State terrorism is the systematic use of force and terror by the government to control the citizens of its country, or the creation and support of destabilizing processes in other states.
Domestic state terrorism is a type of terror characterized by the fact that violence is used against citizens of their country. The government uses all methods available to it to put pressure on its citizens:
The government changes laws, reducing the rights and freedoms of citizens, instead introducing new laws that prohibit certain previously permitted actions. The state becomes police and totalitarian, where citizens are imprisoned for reasons of dissent and having their view of certain events.
Rallies or protests are prohibited, and the media are aggressively censored. Propaganda activities are carried out at the state level, creating an enemy in the minds of citizens.
Under the pretext of fighting terrorism and extremism, the rights of citizens are being curtailed by changing the constitution.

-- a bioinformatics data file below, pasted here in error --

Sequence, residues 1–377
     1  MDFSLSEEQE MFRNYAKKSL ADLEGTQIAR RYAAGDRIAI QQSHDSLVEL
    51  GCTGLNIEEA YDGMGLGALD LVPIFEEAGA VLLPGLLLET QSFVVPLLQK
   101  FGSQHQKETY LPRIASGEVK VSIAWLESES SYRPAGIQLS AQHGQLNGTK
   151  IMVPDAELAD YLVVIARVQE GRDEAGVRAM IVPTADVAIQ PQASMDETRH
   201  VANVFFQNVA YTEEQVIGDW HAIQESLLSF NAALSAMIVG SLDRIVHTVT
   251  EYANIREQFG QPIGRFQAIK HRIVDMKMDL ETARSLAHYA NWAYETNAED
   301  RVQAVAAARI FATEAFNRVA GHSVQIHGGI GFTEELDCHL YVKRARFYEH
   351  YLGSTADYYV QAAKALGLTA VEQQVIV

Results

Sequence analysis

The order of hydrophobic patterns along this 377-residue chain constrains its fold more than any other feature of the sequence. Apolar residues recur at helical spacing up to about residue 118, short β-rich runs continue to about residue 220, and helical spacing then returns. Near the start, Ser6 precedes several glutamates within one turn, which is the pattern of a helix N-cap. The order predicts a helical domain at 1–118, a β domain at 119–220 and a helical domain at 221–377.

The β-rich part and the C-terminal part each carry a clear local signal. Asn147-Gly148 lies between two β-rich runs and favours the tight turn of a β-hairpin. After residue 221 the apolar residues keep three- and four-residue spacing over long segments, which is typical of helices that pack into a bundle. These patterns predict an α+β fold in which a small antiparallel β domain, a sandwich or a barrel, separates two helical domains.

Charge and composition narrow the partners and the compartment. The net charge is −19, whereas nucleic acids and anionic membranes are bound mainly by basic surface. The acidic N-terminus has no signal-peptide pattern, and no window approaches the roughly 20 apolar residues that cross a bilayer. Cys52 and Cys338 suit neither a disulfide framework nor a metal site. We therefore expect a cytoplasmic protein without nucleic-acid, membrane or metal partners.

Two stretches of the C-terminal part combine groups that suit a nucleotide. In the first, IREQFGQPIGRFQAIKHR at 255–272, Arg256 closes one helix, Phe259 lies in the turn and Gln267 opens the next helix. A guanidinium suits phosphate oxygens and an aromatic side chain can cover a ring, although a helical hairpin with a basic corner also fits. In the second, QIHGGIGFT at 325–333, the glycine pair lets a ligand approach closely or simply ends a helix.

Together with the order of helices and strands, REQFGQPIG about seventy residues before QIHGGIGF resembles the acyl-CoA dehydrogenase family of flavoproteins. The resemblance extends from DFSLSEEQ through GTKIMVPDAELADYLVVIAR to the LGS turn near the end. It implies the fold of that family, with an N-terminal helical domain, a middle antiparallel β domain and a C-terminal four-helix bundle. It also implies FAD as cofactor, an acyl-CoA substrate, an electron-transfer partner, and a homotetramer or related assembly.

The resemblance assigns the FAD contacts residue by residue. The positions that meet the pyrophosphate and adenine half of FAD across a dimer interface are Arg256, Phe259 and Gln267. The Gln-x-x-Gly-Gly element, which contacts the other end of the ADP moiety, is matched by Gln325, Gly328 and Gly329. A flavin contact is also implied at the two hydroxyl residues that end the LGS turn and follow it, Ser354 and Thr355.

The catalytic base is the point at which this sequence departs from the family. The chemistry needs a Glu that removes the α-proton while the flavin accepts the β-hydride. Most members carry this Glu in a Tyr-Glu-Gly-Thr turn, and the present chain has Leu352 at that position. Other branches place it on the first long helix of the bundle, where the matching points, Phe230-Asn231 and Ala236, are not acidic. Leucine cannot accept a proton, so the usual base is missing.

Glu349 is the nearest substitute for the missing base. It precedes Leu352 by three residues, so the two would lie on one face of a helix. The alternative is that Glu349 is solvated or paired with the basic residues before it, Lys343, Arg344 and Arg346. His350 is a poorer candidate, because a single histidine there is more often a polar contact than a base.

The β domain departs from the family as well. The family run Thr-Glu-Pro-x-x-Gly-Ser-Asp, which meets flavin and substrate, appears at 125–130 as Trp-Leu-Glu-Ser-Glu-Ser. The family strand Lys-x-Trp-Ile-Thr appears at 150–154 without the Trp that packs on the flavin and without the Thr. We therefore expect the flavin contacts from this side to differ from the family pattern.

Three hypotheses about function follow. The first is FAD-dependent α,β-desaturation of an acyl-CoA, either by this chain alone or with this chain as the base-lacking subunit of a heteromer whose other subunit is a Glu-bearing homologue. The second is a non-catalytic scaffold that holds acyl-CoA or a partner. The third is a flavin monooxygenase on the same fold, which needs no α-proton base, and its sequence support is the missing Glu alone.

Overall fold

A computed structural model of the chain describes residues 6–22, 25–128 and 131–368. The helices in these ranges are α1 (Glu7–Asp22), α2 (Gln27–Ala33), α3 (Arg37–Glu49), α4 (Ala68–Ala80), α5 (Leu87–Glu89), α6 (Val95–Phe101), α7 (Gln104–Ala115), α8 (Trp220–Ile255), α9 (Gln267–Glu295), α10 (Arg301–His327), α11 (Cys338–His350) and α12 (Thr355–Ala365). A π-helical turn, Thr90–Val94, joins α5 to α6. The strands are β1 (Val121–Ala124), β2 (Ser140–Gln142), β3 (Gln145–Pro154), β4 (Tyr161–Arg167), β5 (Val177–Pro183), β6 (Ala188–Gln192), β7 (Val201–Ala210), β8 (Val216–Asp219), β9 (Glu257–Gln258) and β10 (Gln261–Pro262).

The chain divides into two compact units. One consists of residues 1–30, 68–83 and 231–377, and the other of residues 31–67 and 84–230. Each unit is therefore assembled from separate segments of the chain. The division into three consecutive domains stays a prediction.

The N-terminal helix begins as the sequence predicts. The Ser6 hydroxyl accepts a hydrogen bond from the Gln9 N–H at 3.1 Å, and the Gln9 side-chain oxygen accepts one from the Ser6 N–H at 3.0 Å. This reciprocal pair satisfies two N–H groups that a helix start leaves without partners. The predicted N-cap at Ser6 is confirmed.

The government simulates or carries out terrorist attacks within its own country to create an atmosphere of general fear. Which, in turn, gives the government powers that supposedly should ensure security.
This activity is characterized by the covert creation or financing of terrorist gangs on the territory of other countries. The purpose of these groups is to destabilize or destroy the sovereignty of another country. This type of terrorism also includes covert military operations on foreign territory. It does not matter whether mercenaries or military personnel with hidden signs of military affiliation are used for this.
An example is the use by the Russian Federation of its army and collaborators to occupy the Crimean Peninsula and parts of the Donetsk and Lugansk regions of Ukraine.
These criteria for defining state terrorism were formulated in the 1987 Geneva Declaration on Terrorism.